Researchers in the College of Science know that curiosity is boundless. Answers are not stopping points but instead opportunities for deeper questions and discoveries. Continuing to ask questions culminated in three faculty groups receiving College of Science Research and Innovation Seed (SciRIS) awards in July.
Seed funding from the College of Science Research and Innovation Seed (SciRIS) program continues to bolster ambitious and expansive research projects across biomedical science, fluid dynamics, quantum mechanics and more.
The College of Science is pleased to congratulate David Hendrix, associate professor of biochemistry and biophysics, on his recent award of 638K from the United States Department of Agriculture National Institute of Food and Agriculture.
Carbon dioxide can be harvested from smokestacks and used to create commercially valuable chemicals thanks to a novel compound developed by a scientific collaboration led by Assistant Professor of Chemistry Kyriakos Stylianou.
Professor of Physics Heidi Schellman is leading an international experiment to explore the existence of the universe. The project, titled “Essential Computing and Software Development for the DUNE experiment,” has received a $3M grant from the Department of Energy.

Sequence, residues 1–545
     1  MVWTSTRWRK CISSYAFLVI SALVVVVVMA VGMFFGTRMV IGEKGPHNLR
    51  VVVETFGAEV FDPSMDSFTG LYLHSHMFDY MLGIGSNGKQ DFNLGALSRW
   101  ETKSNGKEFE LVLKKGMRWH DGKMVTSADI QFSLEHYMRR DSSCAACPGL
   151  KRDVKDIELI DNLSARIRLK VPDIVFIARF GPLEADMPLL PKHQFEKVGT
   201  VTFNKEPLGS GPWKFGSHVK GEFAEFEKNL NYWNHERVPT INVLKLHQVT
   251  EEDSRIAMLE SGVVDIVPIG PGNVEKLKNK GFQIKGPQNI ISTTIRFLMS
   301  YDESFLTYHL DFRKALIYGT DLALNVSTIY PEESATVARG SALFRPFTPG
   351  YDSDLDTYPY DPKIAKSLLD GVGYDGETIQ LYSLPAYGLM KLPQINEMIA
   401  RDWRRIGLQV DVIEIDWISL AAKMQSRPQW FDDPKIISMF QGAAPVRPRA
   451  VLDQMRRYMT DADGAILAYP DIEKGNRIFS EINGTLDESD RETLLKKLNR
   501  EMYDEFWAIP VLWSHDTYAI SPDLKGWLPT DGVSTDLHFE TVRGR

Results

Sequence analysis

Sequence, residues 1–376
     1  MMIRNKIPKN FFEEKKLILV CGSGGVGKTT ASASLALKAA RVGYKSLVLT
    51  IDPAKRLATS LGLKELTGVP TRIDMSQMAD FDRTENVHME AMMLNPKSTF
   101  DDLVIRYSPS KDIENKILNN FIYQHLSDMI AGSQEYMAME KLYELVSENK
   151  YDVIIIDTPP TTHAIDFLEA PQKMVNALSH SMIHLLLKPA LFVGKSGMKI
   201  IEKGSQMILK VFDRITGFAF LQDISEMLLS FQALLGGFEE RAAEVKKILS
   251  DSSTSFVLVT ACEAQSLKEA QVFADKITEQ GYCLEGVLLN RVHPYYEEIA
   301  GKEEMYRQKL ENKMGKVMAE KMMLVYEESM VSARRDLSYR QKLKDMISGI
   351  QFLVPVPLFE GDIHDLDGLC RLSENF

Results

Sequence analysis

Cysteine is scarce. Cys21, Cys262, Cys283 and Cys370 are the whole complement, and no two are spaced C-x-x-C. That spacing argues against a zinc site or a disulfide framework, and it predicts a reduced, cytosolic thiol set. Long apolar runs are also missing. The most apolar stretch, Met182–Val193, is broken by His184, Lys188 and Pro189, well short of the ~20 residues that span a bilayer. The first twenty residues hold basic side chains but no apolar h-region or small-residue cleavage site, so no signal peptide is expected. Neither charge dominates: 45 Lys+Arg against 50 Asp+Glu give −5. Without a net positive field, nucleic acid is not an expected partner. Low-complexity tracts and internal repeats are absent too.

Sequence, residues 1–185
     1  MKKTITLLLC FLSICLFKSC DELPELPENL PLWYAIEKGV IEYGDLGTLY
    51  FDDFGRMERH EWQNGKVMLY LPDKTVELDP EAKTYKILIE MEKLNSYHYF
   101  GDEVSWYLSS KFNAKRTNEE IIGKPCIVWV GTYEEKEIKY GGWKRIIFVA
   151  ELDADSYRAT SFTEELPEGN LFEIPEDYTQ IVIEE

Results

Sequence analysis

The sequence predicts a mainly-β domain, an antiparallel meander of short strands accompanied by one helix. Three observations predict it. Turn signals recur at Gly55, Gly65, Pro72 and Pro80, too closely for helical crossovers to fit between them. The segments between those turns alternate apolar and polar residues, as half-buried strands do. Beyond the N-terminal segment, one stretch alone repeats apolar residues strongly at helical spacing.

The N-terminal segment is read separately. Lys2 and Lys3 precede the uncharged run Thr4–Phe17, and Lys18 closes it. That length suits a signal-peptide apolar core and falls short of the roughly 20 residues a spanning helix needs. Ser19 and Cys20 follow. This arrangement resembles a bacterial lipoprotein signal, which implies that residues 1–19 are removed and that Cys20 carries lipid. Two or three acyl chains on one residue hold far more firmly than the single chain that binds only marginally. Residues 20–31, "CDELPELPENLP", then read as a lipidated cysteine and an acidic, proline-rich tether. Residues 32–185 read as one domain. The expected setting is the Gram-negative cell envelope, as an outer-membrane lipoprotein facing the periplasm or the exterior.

Inpria Corporation, which got its start at Oregon State and which has attracted investors such as Intel and Samsung with its revolutionary material used in microchips, has agreed to be acquired by Japanese firm JSR for $514 million.
Oregon State University chemistry professor May Nyman has been selected as one of the leaders of a $24 million federal effort to develop technologies for combating climate change by extracting carbon from the air. The work by Nyman, OSU computational chemist Tim Zuehlsdorff and Argonne’s Ahmet Uysal and Michael Sinwell is part of a nine-project carbon capture and storage mission being funded by the U.S. Department of Energy.
University promotion and tenure criteria and processes should be broadened and made more inclusive to value innovation, entrepreneurship and other forms of scholarly impact, a collaboration led by Oregon State University asserts today in a paper published in Science.